As to the particular pigment recited in claim 39, we agree that it would be obvious to employ colloidal graphite for the same protective function for which other opacifiers were used in the prior art-Land suggests in one embodiment employing a white pigment on one backing of the sandwich and a black dye for rendering the other backing opaque after exposure so that "the film unit [is] completely light-impervious, so that it may be removed from the camera immediately after passing through the pressure rollers." Given this teaching of a white pigment and a black dye to render a film unit light-impervious, it would be obvious to one skilled in the art to use a black pigment, i. e., graphite, for the same purpose. Combined with the clear suggestion in the secondary references to add the coloring material to the developing fluid, we find the improvement in the Land process obvious to one skilled in the art.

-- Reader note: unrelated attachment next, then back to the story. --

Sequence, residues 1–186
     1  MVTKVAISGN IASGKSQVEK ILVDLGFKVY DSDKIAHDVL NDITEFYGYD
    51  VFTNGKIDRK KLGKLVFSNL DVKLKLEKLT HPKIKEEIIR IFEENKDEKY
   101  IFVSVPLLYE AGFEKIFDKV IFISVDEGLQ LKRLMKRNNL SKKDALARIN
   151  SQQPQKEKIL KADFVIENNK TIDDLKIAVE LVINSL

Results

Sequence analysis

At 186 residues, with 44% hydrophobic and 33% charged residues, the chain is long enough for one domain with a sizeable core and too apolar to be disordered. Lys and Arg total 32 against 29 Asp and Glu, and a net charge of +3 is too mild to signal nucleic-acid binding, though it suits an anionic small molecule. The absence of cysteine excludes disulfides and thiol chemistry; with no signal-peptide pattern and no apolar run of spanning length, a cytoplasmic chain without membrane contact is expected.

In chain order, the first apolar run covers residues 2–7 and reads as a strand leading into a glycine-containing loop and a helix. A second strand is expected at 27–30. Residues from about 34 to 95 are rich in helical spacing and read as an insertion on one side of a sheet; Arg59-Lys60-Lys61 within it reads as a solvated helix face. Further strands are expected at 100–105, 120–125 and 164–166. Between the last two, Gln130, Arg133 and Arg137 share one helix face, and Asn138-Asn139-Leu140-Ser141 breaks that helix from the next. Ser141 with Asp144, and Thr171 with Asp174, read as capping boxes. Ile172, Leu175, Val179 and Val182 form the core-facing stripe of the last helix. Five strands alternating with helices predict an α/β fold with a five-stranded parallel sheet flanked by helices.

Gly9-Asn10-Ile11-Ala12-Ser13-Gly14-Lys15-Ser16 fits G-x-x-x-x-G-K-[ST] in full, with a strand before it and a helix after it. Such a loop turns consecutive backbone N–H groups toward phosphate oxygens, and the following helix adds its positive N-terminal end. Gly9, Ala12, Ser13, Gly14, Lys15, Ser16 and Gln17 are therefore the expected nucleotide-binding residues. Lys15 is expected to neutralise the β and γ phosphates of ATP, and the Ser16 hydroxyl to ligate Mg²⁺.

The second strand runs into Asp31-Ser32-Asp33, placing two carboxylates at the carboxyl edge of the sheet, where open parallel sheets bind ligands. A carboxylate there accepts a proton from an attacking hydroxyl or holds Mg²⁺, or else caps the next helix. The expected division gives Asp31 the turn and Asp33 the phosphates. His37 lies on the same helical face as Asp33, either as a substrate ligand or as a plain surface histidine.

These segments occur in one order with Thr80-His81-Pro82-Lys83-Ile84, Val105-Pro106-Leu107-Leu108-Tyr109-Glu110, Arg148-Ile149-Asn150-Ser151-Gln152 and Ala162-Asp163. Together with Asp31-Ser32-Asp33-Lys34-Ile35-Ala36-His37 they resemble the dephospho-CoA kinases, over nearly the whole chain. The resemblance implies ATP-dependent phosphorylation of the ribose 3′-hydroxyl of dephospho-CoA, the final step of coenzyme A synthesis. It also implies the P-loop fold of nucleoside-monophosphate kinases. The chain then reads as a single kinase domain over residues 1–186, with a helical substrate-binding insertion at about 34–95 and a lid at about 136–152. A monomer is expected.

For the reasons stated, the rejection of claims 39 and 40 is affirmed.
Serial No. 537,349, filed September 29, 1955